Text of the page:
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Written by: Juliet Schooling Latter
07/01/2021
Hopping on the scales in the first week of the New Year is no-one’s favourite task, but the January weigh-in is an opportunity to re-assess more than your exercise and diet plan. When was the last time you ran a health check on your ISA or your pension?

As different investments perform in different ways over the course of a year, the value of your savings can also shift quite dramatically. Some may have gained in value – or put on weight – while others may have literally shed the £s.

What was a perfectly diversified portfolio a year ago may now need some tweaking.

How 2020 may have reshaped your portfolio

2020 was an exceptional year in more ways than one. Having seen our retirement savings plummet in March and April when the significance of the global pandemic hit home, thankfully, most stock markets subsequently recovered.

Some companies that benefited from the world staying at home did extraordinarily well – Amazon, Zoom and Ocado to name a few – while others have been fighting for their survival or forced into administration.

This has all had an impact on our savings. For example, the average technology fund is up 46% this year, and the average China equity fund is up 30%. Even our core holdings have moved pretty significantly in the last 12 months.

The average US equity fund is up 17%. If you had 60% invested in the US before (which is the country weighting in the global index) you have about 70% today.

If you had these options in your portfolio, they have done their job, but do you have too much of them now? Is it time to trim your holdings and take some profits?

And then there is the UK. UK Equity Income funds have been the building block of many a portfolio for years now, but they’ve had a shocker in 2020 – dividends have been cut left, right and centre, and the average fund value has decreased 9% year-to-date.

Is it time to look elsewhere or, now we have a Brexit deal, is it time to top up your holding, while UK equities are cheaper than their developed market peers?

Detoxing your investments

If you are looking to make your portfolio healthier and adopt better habits, you could look at how ‘ESG’-friendly it is. The environment, social issues and corporate governance are all big topics in other areas of our lives so why not our investments too?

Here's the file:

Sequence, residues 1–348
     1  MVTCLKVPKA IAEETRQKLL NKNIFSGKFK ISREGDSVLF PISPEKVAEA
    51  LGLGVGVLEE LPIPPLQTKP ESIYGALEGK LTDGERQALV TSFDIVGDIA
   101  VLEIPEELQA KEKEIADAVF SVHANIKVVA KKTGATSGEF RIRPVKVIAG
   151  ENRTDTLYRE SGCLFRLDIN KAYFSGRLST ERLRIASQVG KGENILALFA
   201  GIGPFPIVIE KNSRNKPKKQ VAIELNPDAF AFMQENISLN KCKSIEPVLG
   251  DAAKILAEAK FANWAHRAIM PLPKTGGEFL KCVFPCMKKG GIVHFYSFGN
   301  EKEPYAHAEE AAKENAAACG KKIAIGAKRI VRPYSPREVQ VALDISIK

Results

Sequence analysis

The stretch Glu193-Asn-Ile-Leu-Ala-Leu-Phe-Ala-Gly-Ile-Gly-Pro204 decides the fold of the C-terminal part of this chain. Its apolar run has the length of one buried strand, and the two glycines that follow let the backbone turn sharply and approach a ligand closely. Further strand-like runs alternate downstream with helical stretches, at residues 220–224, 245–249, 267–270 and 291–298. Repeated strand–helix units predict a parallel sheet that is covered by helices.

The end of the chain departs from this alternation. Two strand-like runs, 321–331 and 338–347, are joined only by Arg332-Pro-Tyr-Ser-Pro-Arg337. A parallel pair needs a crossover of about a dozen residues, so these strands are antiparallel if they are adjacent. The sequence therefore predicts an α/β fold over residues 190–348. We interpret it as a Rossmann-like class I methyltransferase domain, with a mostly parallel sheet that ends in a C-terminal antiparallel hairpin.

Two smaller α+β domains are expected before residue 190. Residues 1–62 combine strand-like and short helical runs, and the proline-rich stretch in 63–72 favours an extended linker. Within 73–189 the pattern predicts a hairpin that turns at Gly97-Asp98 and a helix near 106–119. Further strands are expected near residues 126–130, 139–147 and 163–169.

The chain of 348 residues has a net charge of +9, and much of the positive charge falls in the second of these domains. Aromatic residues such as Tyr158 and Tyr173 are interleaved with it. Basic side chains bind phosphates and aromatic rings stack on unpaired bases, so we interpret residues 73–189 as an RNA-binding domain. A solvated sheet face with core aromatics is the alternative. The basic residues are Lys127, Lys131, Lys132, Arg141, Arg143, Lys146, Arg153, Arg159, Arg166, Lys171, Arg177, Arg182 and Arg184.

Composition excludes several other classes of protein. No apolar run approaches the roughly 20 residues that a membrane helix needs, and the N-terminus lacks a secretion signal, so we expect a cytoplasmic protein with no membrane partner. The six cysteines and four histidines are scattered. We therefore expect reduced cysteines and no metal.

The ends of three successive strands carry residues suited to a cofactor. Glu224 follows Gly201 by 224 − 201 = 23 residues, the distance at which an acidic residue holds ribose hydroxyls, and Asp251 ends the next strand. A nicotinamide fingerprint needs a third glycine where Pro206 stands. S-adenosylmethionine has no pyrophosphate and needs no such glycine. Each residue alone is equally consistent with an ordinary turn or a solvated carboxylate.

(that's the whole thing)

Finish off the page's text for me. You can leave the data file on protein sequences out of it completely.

There are plenty of excellent funds available that fit the bill, whether you care most passionately about climate change (Ninety One Global Environment or Pictet Global Environmental Opportunities, for example) or all three areas are your top priority for 2021 (Edentree Amity UK or Rathbone Global Sustainability).

Get a personal (investment) trainer

If you’re lacking motivation or the thought of rebalancing your portfolio is too much on top of everything else, you could opt to use the investment equivalent of a personal trainer – a multi-asset fund manager who will invest in all sorts of asset classes and adjust the allocation between them throughout the year to make the most of opportunities.

One of the best performing funds of this ilk in 2020 was Liontrust Sustainable Future Managed, which invests in equities, bonds and cash. All ESG factors are considered and the managers have identified three mega trends with dependable growth prospects: better resource efficiency (cleaner), improved health (healthier), and greater safety and resilience (safer).

Another option is Artemis Monthly Distribution, which also invests in equities and bonds and pays out an income on a monthly basis. Its historic yield is currently 3.3%.

If you’d like to invest in a wider range of asset classes, Premier Miton Multi-Asset Growth & Income is worth a look, as it invests in a combination of equities, bonds, commercial property and alternative investments.

Ninety One Cautious Managed is another option. It is currently invested in all of those asset classes as well as physical gold and silver. It also has an equity ‘hedge’ which could make money should stock markets fall again.

Juliet Schooling Latter is research director at Chelsea Financial Services

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